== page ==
We have essays and podcasts lined up on Dōgen, Jaspers, and Nietzsche; applied complexity science in aesthetics and architecture; Vipassana, self inquiry, and embodiment; phenomenology, contemplative practice, and ethics; affordances, cognition, and behavior; psychedelics and philosophy of mind; and more.
If these topics or the description above sound interesting to you, consider submitting an idea for the site by writing me at adam (at) thesideview.co and we can discuss and explore the details.
Feel free to download and share a pdf of the above flyer here.
The Side View
The Side View is about the knowledge and intuition we use to navigate the world. It’s about how we come to be skillful perceivers and doers, people who know, in the moment, the right details to attend to and the right responsive action to take. In this sense, The Side View is about how the mind meets the world. But it’s also about how the mind, when properly trained, modifies the possibilities of the world it comes to perceive.
Consider the variety of ways the world can appear to different people. The details we notice and find important vary based on our skills, beliefs, and expectations. We participate in making the world available to perception. So what, then, does the world of the expert look like? How, for example, does the architect see space? How does the artist see color and shape? How does the meditator see inner states? How does the athlete see movement?
These and more are the questions The Side View explores. The central idea is that perception of whatever kind is never given without effort. Perception on this view is rather a hard-won achievement, a result of diligent exercise aimed towards a goal; it is itself a kind of practice, a work of attention trained up through effort and repetition. From this perspective, the expert lives in a different world of possibility, operating with a level of detail and discernment gained only through years of training.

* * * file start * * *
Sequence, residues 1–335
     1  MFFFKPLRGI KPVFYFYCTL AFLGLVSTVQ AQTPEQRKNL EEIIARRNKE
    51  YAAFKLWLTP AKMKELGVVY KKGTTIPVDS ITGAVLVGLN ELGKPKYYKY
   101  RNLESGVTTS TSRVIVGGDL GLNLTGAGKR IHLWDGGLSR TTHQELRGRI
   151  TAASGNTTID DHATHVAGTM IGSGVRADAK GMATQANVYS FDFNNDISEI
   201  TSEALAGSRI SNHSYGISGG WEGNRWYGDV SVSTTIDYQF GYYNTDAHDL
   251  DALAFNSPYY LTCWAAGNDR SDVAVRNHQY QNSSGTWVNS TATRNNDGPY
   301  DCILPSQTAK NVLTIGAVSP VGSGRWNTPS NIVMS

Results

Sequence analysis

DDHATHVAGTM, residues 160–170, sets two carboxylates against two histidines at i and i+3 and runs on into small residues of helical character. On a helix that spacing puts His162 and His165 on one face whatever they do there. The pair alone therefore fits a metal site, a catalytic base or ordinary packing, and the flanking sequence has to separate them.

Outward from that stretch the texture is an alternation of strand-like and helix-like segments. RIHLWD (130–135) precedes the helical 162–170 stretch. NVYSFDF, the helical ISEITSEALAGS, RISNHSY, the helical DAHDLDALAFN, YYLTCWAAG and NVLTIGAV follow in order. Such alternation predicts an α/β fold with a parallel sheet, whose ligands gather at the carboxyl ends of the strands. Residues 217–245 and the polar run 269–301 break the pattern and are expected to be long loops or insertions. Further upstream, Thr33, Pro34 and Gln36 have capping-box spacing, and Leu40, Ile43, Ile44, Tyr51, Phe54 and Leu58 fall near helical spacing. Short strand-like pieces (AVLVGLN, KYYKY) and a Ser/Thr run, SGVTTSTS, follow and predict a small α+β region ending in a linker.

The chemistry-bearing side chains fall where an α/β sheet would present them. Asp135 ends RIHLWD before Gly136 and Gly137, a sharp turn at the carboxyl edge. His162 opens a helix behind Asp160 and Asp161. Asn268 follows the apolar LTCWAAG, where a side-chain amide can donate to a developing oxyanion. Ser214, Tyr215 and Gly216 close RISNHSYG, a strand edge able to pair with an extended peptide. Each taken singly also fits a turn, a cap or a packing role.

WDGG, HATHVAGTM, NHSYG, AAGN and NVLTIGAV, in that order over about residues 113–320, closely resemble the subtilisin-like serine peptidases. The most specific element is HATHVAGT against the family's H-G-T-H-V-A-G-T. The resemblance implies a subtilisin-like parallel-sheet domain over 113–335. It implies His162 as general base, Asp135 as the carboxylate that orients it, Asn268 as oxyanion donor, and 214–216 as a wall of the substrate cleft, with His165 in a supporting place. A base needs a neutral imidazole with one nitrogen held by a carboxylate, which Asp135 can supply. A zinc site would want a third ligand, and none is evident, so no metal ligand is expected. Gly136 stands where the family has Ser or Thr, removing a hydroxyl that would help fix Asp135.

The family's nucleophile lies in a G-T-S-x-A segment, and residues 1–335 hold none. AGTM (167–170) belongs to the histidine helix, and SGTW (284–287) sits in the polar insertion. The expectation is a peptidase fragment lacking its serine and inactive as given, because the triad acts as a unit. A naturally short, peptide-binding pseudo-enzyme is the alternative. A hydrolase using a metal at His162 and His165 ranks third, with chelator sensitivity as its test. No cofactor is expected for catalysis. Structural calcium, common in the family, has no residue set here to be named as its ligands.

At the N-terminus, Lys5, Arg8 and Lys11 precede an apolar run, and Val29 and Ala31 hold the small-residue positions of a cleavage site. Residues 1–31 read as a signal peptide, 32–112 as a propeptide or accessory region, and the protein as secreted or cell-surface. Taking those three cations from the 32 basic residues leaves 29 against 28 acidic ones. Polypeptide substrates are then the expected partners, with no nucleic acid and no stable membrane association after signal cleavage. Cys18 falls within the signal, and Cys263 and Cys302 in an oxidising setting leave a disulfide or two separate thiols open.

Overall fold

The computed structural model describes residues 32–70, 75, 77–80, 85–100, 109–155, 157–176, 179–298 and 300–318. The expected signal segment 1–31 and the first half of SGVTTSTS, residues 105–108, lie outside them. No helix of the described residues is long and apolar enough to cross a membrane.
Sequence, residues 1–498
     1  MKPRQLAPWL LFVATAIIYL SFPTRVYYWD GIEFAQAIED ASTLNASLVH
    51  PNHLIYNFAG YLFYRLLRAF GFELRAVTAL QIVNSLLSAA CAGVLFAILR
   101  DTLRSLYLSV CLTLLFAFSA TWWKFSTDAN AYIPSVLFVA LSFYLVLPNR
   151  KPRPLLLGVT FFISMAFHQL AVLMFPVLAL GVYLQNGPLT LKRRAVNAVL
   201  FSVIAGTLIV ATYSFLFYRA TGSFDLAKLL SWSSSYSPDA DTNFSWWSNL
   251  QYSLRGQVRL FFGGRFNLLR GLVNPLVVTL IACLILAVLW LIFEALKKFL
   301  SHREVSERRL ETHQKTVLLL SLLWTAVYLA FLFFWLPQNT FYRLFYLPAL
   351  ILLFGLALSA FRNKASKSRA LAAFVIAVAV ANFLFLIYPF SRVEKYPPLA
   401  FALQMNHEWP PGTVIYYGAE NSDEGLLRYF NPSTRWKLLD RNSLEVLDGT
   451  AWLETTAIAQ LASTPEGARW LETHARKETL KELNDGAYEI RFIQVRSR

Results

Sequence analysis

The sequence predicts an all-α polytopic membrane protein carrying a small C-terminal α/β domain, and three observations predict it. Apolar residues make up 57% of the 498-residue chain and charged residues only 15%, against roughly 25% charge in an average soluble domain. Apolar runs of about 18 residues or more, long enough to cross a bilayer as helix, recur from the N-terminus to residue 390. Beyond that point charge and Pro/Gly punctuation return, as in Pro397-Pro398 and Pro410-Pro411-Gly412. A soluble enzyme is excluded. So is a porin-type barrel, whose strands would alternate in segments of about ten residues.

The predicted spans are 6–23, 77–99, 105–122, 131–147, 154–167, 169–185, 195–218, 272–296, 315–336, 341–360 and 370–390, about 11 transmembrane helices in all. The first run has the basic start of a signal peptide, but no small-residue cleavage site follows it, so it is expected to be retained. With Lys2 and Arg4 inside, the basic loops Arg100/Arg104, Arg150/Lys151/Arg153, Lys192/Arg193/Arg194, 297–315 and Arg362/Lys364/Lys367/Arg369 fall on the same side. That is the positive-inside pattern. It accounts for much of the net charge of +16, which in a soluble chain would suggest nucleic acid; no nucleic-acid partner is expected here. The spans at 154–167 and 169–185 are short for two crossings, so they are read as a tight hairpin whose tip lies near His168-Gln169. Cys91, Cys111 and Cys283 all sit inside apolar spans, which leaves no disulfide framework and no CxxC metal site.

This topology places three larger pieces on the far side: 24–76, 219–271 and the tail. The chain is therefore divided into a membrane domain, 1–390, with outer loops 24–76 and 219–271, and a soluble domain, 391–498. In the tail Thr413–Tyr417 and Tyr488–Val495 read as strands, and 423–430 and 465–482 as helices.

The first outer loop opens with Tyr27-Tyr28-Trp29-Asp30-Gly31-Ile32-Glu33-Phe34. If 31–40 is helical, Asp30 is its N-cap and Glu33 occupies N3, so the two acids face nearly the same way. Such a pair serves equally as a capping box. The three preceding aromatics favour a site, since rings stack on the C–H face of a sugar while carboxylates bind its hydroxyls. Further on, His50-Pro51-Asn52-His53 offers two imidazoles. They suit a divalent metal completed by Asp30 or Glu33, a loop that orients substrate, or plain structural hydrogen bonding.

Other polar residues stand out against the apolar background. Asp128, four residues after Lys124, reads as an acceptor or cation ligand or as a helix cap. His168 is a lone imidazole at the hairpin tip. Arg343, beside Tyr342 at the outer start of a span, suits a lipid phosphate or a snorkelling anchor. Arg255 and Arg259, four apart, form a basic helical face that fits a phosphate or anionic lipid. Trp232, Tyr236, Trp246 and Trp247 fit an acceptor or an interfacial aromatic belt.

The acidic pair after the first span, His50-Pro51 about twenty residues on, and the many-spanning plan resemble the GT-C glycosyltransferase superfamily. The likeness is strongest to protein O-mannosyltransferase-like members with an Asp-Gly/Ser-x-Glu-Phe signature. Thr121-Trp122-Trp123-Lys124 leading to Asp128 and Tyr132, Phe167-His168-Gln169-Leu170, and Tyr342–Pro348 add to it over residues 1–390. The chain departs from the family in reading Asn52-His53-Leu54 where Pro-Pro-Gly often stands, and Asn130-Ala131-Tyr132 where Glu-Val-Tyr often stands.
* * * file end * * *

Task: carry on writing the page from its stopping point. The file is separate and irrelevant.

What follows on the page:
Take the architect as an example. What do they see when they look at space? What guides their decisions as they design and transform our built world? The architect sees with an eye for design that the rest of us do not have, with a capacity for understanding how we might shape the environment and how the environment might shape us. The same can be said of the painter, the contemplative, the psychologist, the carpenter, and the athlete—all have heightened levels of perceptual ability, unique capacities for sense-making cultivated through practice, experience, and learning.
To explore these ideas, The Side View draws from anthropology, philosophy, science, meditation, athletics, art, and more to discover how people understand, and then transform, their worlds. It connects these disciplines through the idea of practice, emphasizing the skills that lead people to become masters of their art in the first place. The ancient Greeks used the word askēsis, meaning exercise or training, to describe this process of personal and collective transformation. The Side View uses this concept to explore the experience and training required to produce great thinkers, creators, and doers in any craft.